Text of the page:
SEARCH - click here
What is a brand? It seems everyone has their own definition, and I have mine. It’s sometimes easiest to say what it isn’t, especially in an area where there appears to be the most confusion, so here goes – a brand is neither a name, logo or package design.
These are important, of course, but are really outward reflections of what the brand is rather than embodying its core essence. The true meaning is very straightforward: A brand is what your product or service stands for. It’s honestly that simple. And in establishing exactly what you stand for, you provide the foundation for consumers to know what your brand has in common with them, and how you fit into their lives.
Defining your brand is as important for cannabis brands as for any other consumer product or service. Who are you? Why do you exist? How are you better or an improvement over competitive products? How do you make consumers’ lives easier or better? These are questions that must be answered early on, preferably before you even begin deciding what product or service you want to provide.
The first step in determining what you want to stand for is deciding the product category in which you wish to compete. I know it seems simple, but I’ve seen many companies lack clarity in deciding on the category, often by saying, “What we offer is so new, so different that we’ll let the market decide for itself.” Big mistake. Consumers need to know what category you’re in. If you don’t provide that information, they’ll group you with products or services they already know, and you may end up either competing against the wrong companies, or appearing schizophrenic, as each consumer has their own sense of who you are and what you offer. Remember – if you don’t tell them, they will end up telling you. Once you’ve determined the category, you need to decide the primary consumer market you’re targeting. Who are they, what products are they using now, and why is yours better? In a very real sense, articulating what you stand for as a brand builds a bridge between your target market and your product that is the most important decision you’ll make.
This is a bit dated but back in the day things were a bit different. The head of a well-known creative agency I worked at once said something that, after years of consumer purchase behavior research, I know to be absolutely true: people may explain their purchases on a rational basis – who doesn’t want to look like they know what they’re doing — but their wallet is controlled by their heart. Let me explain…
I spent a number of years marketing package goods, specifically cleaning products like detergents and bleaches. That means I probably know more about getting clothes clean than anyone should. And we did a great deal of consumer research to understand why women – by far the majority of detergent purchasers – bought the brands they did. In numerous focus groups, held over a period of years, I saw that the specific detergent the woman purchased was, to her, the symbol of how she defined her role as a wife, mother and caregiver. If she bought Tide, for example, she’d relate it to the fact that her mother used Tide and, even though the daughter had to work and spend time out of the home, when she did the laundry, she wanted to ensure to herself that she valued the task and wanted to put just as much love into it as her mother did. Seeing her kids and husband walking out into the world with clothes she’d cleaned made her feel she was fulfilling her role as a mother and wife, just as her own mother had.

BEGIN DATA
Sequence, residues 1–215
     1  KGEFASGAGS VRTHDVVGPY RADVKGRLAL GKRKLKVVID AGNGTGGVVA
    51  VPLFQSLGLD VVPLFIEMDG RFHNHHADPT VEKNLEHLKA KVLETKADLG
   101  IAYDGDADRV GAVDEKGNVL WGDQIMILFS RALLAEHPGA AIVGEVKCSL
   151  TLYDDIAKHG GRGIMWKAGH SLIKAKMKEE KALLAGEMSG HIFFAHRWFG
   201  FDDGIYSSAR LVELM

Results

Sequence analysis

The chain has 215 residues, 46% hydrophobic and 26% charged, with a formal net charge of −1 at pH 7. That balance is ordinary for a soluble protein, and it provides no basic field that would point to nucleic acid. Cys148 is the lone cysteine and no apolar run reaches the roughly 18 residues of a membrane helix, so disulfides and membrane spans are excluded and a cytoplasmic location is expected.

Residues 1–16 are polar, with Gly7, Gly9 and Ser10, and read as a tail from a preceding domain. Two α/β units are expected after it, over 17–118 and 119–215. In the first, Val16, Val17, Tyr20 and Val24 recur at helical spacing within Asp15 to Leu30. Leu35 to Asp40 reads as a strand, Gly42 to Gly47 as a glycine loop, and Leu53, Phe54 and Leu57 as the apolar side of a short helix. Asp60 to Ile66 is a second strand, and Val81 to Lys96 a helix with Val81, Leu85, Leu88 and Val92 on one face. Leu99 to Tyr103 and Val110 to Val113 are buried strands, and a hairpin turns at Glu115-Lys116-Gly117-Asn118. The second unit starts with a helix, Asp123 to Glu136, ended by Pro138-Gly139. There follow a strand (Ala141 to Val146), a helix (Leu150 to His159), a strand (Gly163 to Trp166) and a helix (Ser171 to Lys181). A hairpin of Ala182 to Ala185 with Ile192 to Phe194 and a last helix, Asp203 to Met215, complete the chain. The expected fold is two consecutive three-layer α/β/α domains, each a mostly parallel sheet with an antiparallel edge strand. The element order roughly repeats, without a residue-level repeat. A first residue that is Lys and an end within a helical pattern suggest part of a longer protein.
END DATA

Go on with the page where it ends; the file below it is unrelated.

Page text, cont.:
For the woman who purchased the less expensive store brand, she’d say that she had a responsibility to her family to be smart about where they spent their money and, she knew store brands cleaned almost as well as the higher priced brands, or at least the difference in quality was too small to pay more for another brand. In effect, she saw using the cheaper brand as a symbol of the importance she put on being the smartest shopper she could possibly be for her family. I learned from this experience, which has been proved over many different product categories, that if what detergent a person bought was a symbol of the mother or wife she saw herself as, then that emotional role was the essential and longest-lasting benefit of any brand.
The deeper the emotional attachment the consumer has for your brand, the greater its ability to weather challenges, changes or new competitors. Your brand not only has a role in their life, you actually help define the sort of life they aspire to live and person they hope to be.
And THAT is what a brand really is.